By Lois Gray, University News Services
The University of Iowa will develop a new study abroad program in Tanzania, thanks to an almost $250,000 grant from the U.S. State Department. It is the first semester-long UI study abroad program in Eastern Africa and one of the first of its kind in the nation.
The grant, which will be matched with an additional $139,000 from the UI, is titled “Capacity Building for Undergraduate Study Abroad.”
Janis Perkins, assistant dean of International Programs for Study Abroad, and James Giblin, co-director of the African Studies Program (ASP) in International Programs and a history professor in the UI College of Liberal Arts and Sciences, are the grant co-principal investigators.
“This will be the first U.S.-sponsored semester study abroad program affiliated with any Tanzanian university other than the University of Dar es Salaam and the first accredited program for U.S. students in the city of Irigna,” Perkins said. “A primary objective of this grant is to create more diverse geographic locations for our students to study abroad as interest in study abroad grows.”
Since the UI has a flourishing Swahili and East African Studies Program, this new study abroad program will fill a much-needed gap in study abroad offerings, Perkins said. In fact, she added, there are 37 UI students enrolled in elementary Kiswahili courses and 27 in intermediate Swahili courses this fall.
The grant, which begins this fall and ends in July 2012, will fund the creation of a sustainable study abroad program at Mkwawa University College of Education [MUCE] in Iringa, Tanzania. The first year of the grant will focus on program and curriculum development. During the second year, Perkins said the UI Office for Study Abroad hopes to send at least 40 undergraduate students – including both UI students and students from across the country – as part of a nationwide consortium.
Although it’s the first semester-long study abroad program in East Africa, UI students have had the opportunity to study in Ghana and South Africa through various exchange programs in the past as well as short-term programs in Tanzania.
Building on the UI’s strength in East African studies, including a popular and long-established program in Kiswahili language instruction, ASP and Office for Study Abroad (OfSA) are developing a study abroad program in Tanzania. With this new funding, the UI will establish both semester and yearlong study abroad programs. Previously, ASP and OfSA offered a three-week pilot program called “Taking the Classroom to the World” that was funded from a Department of Education grant from the Undergraduate International Studies and Foreign Language Program.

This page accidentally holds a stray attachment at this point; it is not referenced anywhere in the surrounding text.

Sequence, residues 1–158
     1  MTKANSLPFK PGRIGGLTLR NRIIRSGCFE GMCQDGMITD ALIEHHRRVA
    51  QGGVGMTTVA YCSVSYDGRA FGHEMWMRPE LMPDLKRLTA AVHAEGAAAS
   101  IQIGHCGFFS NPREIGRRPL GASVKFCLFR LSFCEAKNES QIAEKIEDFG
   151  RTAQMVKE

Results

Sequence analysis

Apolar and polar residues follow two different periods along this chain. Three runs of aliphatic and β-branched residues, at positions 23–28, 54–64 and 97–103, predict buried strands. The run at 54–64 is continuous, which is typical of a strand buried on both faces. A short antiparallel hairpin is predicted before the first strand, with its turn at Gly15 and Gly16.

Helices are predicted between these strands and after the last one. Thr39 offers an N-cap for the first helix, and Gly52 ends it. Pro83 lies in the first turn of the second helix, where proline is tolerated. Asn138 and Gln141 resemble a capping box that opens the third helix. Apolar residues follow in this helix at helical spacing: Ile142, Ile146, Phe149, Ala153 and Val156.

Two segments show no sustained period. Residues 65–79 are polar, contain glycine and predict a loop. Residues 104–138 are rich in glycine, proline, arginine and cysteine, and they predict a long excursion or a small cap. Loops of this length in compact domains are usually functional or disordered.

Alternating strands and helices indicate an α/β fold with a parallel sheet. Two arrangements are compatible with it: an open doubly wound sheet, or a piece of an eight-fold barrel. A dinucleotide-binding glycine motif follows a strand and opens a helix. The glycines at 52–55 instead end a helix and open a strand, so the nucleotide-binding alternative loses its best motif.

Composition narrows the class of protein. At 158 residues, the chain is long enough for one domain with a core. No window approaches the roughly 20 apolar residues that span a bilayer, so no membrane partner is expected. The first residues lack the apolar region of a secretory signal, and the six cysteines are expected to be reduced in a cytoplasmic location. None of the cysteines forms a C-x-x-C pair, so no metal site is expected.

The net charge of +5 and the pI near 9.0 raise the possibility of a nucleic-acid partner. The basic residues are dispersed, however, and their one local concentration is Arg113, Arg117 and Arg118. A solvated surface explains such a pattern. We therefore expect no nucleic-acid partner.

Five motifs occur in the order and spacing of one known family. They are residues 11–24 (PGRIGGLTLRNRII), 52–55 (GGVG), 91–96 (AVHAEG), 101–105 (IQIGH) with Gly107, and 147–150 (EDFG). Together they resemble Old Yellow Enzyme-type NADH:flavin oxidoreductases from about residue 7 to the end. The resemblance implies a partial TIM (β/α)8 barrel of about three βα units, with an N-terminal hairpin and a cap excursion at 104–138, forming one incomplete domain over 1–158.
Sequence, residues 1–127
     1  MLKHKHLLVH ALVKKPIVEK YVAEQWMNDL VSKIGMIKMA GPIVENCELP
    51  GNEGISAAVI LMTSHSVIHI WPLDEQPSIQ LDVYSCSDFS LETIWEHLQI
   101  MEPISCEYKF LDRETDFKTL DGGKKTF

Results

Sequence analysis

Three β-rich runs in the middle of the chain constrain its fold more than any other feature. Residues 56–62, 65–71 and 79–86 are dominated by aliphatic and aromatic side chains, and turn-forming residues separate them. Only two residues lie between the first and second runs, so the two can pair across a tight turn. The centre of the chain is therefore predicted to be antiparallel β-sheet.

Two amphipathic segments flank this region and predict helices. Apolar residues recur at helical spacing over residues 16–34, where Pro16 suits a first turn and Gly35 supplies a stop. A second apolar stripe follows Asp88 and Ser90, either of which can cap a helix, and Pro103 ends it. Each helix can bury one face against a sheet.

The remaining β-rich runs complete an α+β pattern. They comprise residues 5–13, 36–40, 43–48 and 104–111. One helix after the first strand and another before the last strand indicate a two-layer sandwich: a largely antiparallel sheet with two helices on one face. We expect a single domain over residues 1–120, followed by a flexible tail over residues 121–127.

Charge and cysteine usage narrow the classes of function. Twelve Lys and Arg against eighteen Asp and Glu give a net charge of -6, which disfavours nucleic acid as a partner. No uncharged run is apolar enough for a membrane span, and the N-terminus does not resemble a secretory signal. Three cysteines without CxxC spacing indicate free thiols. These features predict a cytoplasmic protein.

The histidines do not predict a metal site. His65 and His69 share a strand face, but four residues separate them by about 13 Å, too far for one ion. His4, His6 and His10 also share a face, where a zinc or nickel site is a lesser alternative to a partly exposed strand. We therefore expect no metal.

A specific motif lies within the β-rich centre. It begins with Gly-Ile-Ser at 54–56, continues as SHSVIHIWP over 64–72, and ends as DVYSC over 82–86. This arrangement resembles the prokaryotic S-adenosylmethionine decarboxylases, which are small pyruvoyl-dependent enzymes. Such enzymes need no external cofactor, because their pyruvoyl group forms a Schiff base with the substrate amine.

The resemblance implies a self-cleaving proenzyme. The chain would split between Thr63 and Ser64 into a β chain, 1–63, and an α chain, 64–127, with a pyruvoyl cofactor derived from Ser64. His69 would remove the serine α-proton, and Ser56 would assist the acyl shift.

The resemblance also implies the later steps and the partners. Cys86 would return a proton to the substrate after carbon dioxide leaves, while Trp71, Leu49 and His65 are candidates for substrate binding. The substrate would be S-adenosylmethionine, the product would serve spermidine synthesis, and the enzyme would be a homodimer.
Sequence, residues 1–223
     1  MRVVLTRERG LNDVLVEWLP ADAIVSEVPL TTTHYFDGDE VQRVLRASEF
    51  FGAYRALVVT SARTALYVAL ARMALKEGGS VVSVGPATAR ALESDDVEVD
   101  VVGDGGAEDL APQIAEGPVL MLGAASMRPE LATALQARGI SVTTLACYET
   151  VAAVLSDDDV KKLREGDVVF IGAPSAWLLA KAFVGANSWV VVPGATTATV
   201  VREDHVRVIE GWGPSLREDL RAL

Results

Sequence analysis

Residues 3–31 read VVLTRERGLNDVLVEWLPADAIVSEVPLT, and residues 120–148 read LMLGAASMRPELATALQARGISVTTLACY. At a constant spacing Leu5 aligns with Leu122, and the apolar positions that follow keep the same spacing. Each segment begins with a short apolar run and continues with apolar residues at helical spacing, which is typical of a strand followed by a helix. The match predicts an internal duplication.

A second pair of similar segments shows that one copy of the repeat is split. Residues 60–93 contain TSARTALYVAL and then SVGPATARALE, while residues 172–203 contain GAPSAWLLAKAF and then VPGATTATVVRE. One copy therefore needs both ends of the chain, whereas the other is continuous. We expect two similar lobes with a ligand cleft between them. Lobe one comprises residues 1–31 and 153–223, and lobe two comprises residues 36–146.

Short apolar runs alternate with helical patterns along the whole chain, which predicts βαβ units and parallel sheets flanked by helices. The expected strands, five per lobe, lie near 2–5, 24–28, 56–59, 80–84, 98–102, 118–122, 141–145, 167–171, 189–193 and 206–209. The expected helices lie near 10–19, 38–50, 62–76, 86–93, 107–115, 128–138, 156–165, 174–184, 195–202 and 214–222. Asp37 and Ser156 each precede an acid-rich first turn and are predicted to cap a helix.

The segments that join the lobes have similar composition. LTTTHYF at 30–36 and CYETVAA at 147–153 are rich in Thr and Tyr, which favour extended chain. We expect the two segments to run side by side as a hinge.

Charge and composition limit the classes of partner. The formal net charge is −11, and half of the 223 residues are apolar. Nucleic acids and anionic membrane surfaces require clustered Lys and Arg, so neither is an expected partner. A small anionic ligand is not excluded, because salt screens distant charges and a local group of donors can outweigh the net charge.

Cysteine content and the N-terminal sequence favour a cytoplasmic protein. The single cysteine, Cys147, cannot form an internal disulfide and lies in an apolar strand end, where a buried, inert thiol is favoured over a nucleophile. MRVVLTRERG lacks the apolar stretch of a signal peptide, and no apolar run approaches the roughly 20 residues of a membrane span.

Perkins added that this will help the UI achieve its goal of having 30 percent of graduating undergraduates have a study abroad experience.
According to the most recent statistics from the UI Office for Study Abroad, 1,283 UI students or 884 undergraduates and 399 graduate and professional students, studied abroad during 2008-09. Comparing the number of undergraduates who studied abroad to the number of bachelor’s degrees awarded by the UI during 2007-08 (4,482) indicates that approximately 19.7 percent of the current graduating class studied abroad.
This new study abroad program will also contribute to faculty and curricular development, as well as build capacity to host study abroad at a new and rapidly growing university tapping into UI’s faculty expertise and connections in this part of the word, according to Giblin, who has done extensive research in Tanzania and East Africa.
Perkins and Phil Carls in the OfSA will be involved with creating this study abroad program, which will be primarily geared toward students studying the Kiswahili language and East African history and culture.
In addition, students will have the opportunity to work on an independent research project under the combined mentorship of one UI and one MUCE faculty member. These projects would be presented to ASP faculty at public presentations upon the students’ return to Iowa.
Students will also be given the opportunity to do service learning by working with the UI’s WiderNet project or with NGOs located in Iringa.
UI interim Vice President for Research Jordan Cohen said this is a prestigious and competitive grant. He added that, to his knowledge, this is the first time the U.S. Department of State has issued this type of funding opportunity for a study abroad program.
“With opportunities for study abroad, service learning, language study, and independent research, this project is exemplary of the types of programs we want to foster at the University of Iowa,” Cohen said. “These high impact experiences are crucial to undergraduate success and will prepare our students for an increasingly global marketplace.”
UI faculty participants will come from the ASP including Giblin and at least eight UI faculty and instructors, most of whom are fluent in Kiswahili.
The goal is for the UI to develop its first sustained study abroad program in Tanzania as well as enhance its well-established Kiswahili program. At the same time, MUCE will obtain curricular development and enhanced ability to host American study abroad programs, Perkins added.